Joint second prize for this year’s Exploring the Law competition went to Pawandeep Kaur, whose piece follows. Find out more about the competition via this earlier post. Well done to Pawandeep! You can find other winners from this year and previous years via the #exploringthelaw tag.
Often, when we think of Legal London, our minds turn to courts such as the famous Inns of Court which give the tourist a real insight into the history of the English Legal system. However, there are some hidden gems in the heart of Legal London that are easy to pass. Stepping into my first year of university, bombarded with new faces every day, I was set a task to adapt myself with not only my group mates for the next three years but also expand my knowledge of Legal London further. Thus after pre-planning a route, we were on our way. This blog post will briefly explain the history as well as the legal links to these locations.
We began by stumbling upon the popular novelist, George Orwell’s house on Canonbury Square. Orwell was not only a well known author, but wrote many essays, including “Politics and the English Language” in which he criticises the written English of the mid 1940s. Orwell’s link to the legal system comes from the fact that he was deliberately arrested in December of 1931 for being ‘drunk and incapable’. He had set out to be arrested in hopes of being able to document the experience of spending Christmas behind bars. Nevertheless, Orwell returned home two days after incarceration because the authorities did not regard his behaviour as imprisonable. Orwell’s legal mischief does not stop there, as 64 years after his death, a student at Cairo University was arrested for being in possession of Orwell’s famous novel “Nineteen Eighty-Four” which speaks of a dictatorial ruling party criminalising political rebellion. Following a year of anti-government protests, students had been killed, expelled and jailed including Mohamed T. However, there has been doubt over this arrest as police stated they accused him for filming security forces without their permission. Although the reason for the arrest of Mohamed T is widely disputed, there is no doubt this occasion raised questions about free speech under the country’s government. Seeing the residential place of such a historical and political figure was an awe-inspiring moment as it made me question what life must have been like for a common man in the mid 1900s that made Orwell write such fiction.
After quite a stroll, my group mates, who I had grown quite fond of by now, and I came across Edward Square on Copenhagen Street. The mural on the wall stood out to all of us as it was clearly depicting an important event in history. Indeed, this mural has rich historical value as it is in remembrance of the Tolpuddle Martyrs who were a group of agricultural labourers that were arrested for swearing a secret oath as members of the Friendly Society of Agricultural Labourers. The Tolpuddle Martyrs were sentenced to Australia. This mural, painted in 1984 by David Bangs, pays tribute to the gathering of people organised by the Central Committee of the Metropolitan Trade Unions to demonstrate against the transportation of the Tolpuddle Martyrs to Australia. This is just one of the many memorials in the Tolpuddle Martyrs’ name in London. As my group stopped to take a picture, it definitely mirrored the gathering of civilians depicted in the mural and I began to think about how human rights have strengthened over the years since this occurrence.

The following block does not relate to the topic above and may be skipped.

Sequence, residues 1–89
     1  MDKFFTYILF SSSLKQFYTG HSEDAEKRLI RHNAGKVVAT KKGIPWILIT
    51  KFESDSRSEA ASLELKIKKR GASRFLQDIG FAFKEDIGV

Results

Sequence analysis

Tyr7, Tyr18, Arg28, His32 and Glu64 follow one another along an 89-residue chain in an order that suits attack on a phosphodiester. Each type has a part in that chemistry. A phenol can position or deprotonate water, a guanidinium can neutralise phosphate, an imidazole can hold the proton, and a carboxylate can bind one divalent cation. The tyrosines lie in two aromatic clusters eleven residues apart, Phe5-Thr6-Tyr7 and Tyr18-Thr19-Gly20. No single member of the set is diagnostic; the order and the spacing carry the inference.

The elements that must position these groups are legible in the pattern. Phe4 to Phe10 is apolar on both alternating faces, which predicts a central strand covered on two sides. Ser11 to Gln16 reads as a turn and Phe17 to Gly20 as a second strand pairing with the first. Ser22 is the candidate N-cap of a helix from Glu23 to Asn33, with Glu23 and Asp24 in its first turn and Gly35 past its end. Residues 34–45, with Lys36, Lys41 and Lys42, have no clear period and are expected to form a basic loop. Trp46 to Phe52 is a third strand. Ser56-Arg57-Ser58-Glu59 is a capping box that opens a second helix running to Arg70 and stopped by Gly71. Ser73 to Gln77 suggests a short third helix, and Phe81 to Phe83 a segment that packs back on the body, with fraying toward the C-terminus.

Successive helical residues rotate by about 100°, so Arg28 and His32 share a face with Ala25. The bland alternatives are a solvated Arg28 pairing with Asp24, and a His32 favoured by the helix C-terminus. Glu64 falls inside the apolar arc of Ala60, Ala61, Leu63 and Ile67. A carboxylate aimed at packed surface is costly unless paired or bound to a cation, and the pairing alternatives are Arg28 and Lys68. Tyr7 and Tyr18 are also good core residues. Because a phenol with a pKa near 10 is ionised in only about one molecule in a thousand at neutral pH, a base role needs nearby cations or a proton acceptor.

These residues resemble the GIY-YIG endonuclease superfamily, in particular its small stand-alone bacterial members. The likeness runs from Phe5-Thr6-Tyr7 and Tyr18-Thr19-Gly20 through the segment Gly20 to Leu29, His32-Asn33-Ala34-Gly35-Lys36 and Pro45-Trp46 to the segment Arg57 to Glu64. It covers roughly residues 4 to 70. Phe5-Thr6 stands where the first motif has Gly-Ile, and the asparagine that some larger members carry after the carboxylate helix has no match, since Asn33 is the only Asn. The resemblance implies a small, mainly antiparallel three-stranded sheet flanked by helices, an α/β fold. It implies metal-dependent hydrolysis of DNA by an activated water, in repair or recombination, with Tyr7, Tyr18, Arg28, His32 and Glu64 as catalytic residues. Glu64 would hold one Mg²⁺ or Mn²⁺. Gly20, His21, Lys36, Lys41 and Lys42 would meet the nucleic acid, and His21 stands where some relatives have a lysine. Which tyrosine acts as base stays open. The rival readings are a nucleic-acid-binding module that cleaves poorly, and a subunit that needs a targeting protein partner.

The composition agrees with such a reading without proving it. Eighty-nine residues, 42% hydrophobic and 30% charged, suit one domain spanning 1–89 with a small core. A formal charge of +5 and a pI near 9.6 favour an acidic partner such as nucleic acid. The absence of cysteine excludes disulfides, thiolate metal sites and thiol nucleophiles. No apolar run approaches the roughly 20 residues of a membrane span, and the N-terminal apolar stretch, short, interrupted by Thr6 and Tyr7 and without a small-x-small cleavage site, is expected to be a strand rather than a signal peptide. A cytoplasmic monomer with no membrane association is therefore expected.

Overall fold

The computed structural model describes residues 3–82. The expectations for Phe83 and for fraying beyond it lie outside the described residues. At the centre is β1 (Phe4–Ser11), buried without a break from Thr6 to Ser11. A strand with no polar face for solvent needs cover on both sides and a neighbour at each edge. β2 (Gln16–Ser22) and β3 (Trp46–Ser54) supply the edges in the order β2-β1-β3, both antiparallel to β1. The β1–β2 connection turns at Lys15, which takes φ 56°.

Thereafter, my group tracked down a monument of Thomas Paine in Angel Court. Thomas Paine was a revolutionary and political philosopher, along with many other things. Angel has a close connection to Paine as he often stayed at the Angel Inn which is where he started writing “Rights of Man” in 1791, thus a monument was unveiled in 1991, on the 200th anniversary of the publication. This book is one of Paine’s most well known publications which proposes that a revolution is lawful if a government does not protect the rights of its people. It is no surprise Paine was a keen supporter of the French Revolution in 1789 as his intentions behind “Rights of Man” was to answer Edmund Burke’s attack on the French Revolution.
After witnessing the historic monument of Thomas Paine, my group headed to our last destination, the house of Joe Orton, on 25 Noel Road, another author as well as a playwright. Similar to Orwell, Orton was known to play pranks with his alter ego, Edna Welthorpe. A prank that led to Orton’s six month imprisonment was in May 1962 in which Orton and his partner, Kenneth Halliwell, would remove books from libraries and deface the cover art or blurbs before replacing them back on the shelves. These books are still available to ponder over in the Islington Local History Centre. Orton later revealed that they both received a harsh sentence due tot he judge knowing him and his partner were “Queers”. Unfortunately, this cannot be proven as there is an absence of trial transcripts yet it is encouraging to concentrate on the legal differences between now and 1962.
Undoubtedly, London has an abundance of legal history, the streets are overflowing with an author who has clashed with the legal system whilst expressing their opinions or a mural commemorating a legal historical act. Nonetheless, this task was exceptionally enjoyable and informative as not only did the whole cohort get to know each other but it also allowed us to understand and experience the city of London better, especially the foreign students who, I imagine, were even more lost and confused than I was. I highly urge anyone who wants to grasp the knowledge of the history of law to experience these spots firsthand.